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In search of stool donors: a multicenter study of prior knowledge, perceptions, motivators, and deterrents among potential donors for fecal microbiota transplantation

McSweeney, Breanna; Allegretti, Jessica R.; Fischer, Monika; Xu, Huiping; Goodman, Karen J.; Monaghan, Tanya; McLeod, Carmen; Mullish, Benjamin H.; Petrof, Elaine O.; Phelps, Emmalee L.; Chis, Roxana; Edminson, Abby; Juby, Angela; Ennis-Davis, Ralph; Roach, Brandi; Wong, Karen; Kao, Dina

Authors

Breanna McSweeney

Jessica R. Allegretti

Monika Fischer

Huiping Xu

Karen J. Goodman

TANYA MONAGHAN Tanya.Monaghan@nottingham.ac.uk
Clinical Associate Professor in Luminal Gastroenterology

Carmen McLeod

Benjamin H. Mullish

Elaine O. Petrof

Emmalee L. Phelps

Roxana Chis

Abby Edminson

Angela Juby

Ralph Ennis-Davis

Brandi Roach

Karen Wong

Dina Kao



Abstract

Introduction: Fecal microbiota transplantation (FMT) is a highly effective therapy for recurrent Clostridium difficile infection. Stool donors are essential, but difficult to recruit and retain. We identified factors influencing willingness to donate stool.
Methods: A 32-item questionnaire targeted young adults and health care workers via social media and university email lists in Edmonton and Kingston, Canada; London and Nottingham, England; and Indianapolis and Boston, USA. Items included baseline demographics and FMT knowledge and perception. Investigated motivators and deterrents included economic compensation, screening process, time commitment, and stool donation logistics. Logistic regression and linear regression models estimated associations of study variables with self-assessed willingness to donate stool.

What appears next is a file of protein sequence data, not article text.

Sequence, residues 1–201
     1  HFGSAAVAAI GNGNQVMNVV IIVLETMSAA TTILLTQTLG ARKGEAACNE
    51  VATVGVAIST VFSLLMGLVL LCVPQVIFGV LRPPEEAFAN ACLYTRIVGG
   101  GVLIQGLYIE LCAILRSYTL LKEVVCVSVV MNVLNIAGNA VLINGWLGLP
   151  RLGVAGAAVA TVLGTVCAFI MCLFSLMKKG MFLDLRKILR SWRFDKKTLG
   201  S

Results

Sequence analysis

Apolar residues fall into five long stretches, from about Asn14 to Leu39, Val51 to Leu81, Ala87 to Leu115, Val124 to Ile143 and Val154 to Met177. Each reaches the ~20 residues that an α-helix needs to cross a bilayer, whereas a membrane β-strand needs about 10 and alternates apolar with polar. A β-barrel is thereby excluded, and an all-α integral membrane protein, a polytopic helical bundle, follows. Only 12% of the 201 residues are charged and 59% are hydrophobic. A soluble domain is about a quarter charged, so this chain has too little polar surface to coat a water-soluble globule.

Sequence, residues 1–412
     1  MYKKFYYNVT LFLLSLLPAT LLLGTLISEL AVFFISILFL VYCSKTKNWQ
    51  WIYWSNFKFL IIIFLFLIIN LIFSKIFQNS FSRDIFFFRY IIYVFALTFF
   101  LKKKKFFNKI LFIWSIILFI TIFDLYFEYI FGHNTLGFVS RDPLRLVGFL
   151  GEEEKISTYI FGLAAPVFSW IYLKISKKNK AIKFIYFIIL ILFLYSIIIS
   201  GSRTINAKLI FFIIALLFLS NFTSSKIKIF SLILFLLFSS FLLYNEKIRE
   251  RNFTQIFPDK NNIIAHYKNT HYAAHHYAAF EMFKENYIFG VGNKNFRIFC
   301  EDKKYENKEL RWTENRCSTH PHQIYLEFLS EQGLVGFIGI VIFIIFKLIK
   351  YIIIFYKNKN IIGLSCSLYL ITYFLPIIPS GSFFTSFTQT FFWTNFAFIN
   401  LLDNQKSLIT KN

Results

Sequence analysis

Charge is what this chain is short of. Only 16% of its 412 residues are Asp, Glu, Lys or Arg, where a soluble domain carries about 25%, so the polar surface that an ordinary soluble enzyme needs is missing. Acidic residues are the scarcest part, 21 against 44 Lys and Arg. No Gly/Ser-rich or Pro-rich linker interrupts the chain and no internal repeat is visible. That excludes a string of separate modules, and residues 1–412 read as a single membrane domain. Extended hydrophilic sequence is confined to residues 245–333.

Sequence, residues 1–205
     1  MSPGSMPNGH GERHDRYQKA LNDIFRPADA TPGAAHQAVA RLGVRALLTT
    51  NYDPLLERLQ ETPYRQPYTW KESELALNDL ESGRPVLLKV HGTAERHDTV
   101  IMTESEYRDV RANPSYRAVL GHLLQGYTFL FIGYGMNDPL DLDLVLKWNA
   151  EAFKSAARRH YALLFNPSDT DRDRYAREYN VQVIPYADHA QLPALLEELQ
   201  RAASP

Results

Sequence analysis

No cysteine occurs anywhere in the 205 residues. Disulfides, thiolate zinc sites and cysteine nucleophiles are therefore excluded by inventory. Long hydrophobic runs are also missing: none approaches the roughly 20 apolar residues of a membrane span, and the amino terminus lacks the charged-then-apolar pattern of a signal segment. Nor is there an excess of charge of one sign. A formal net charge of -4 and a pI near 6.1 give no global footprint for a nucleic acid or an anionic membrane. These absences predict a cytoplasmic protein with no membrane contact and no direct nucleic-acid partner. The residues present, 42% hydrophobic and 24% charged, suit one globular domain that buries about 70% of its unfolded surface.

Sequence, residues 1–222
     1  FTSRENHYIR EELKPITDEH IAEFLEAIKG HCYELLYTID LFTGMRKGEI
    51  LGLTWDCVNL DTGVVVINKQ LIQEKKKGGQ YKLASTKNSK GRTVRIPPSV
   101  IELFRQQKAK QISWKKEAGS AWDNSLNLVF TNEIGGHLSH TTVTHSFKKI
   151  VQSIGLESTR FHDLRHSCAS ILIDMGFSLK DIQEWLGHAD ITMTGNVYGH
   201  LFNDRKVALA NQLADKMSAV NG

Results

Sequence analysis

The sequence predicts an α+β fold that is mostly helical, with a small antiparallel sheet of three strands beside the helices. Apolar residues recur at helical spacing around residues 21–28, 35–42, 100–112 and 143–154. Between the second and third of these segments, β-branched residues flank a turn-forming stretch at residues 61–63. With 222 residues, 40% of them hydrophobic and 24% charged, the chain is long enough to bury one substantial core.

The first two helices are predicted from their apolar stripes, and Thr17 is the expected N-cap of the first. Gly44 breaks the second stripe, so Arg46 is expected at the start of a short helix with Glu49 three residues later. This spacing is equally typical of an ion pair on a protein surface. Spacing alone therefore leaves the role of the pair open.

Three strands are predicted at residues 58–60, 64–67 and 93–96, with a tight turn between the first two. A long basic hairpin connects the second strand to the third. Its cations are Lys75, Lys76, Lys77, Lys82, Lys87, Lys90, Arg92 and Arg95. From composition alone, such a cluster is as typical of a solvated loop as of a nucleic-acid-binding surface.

Results: 802 respondents completed our questionnaire: 387 (48.3%) age 21–30 years, 573 (71.4%) female, 323 (40%) health care workers. Country of residence, age and occupation were not associated with willingness to donate stool. Factors increasing willingness to donate were: already a blood donor (OR 1.64), male, altruism, economic benefit, knowledge of how FMT can help patients (OR 1.32), and positive attitudes towards FMT (OR 1.39). Factors decreasing willingness to donate were: stool collection unpleasant (OR 0.92), screening process invasive (OR 0.92), higher donation frequency, negative social perceptions of stool, and logistics of collecting/transporting feces.
Discussion: Blood donors and males are more willing to consider stool donation. Altruism, economic compensation, and positive feedback are motivators. Screening process, high donation frequency, logistics of collecting/transporting feces, lack of public awareness, and negative social perception are deterrents. Considering these variables could maximize donor recruitment and retention.

Journal Article Type Article
Publication Date 2020
Journal Gut Microbes
Print ISSN 1949-0976
Electronic ISSN 1949-0984
Publisher Taylor & Francis Open
Peer Reviewed Peer Reviewed
Volume 11
Issue 1
Pages 51-62
APA6 Citation McSweeney, B., Allegretti, J. R., Fischer, M., Xu, H., Goodman, K. J., Monaghan, T., …Kao, D. (2020). In search of stool donors: a multicenter study of prior knowledge, perceptions, motivators, and deterrents among potential donors for fecal microbiota transplantation. Gut Microbes, 11(1), 51-62. https://doi.org/10.1080/19490976.2019.1611153
DOI https://doi.org/10.1080/19490976.2019.1611153
Keywords fecal microbiota transplantation (FMT); Clostridioides difficile infection (CDI); recurrent Clostridioes difficile infection (RCDI); fecal transplant donors; stool donors
Publisher URL https://www.tandfonline.com/doi/full/10.1080/19490976.2019.1611153

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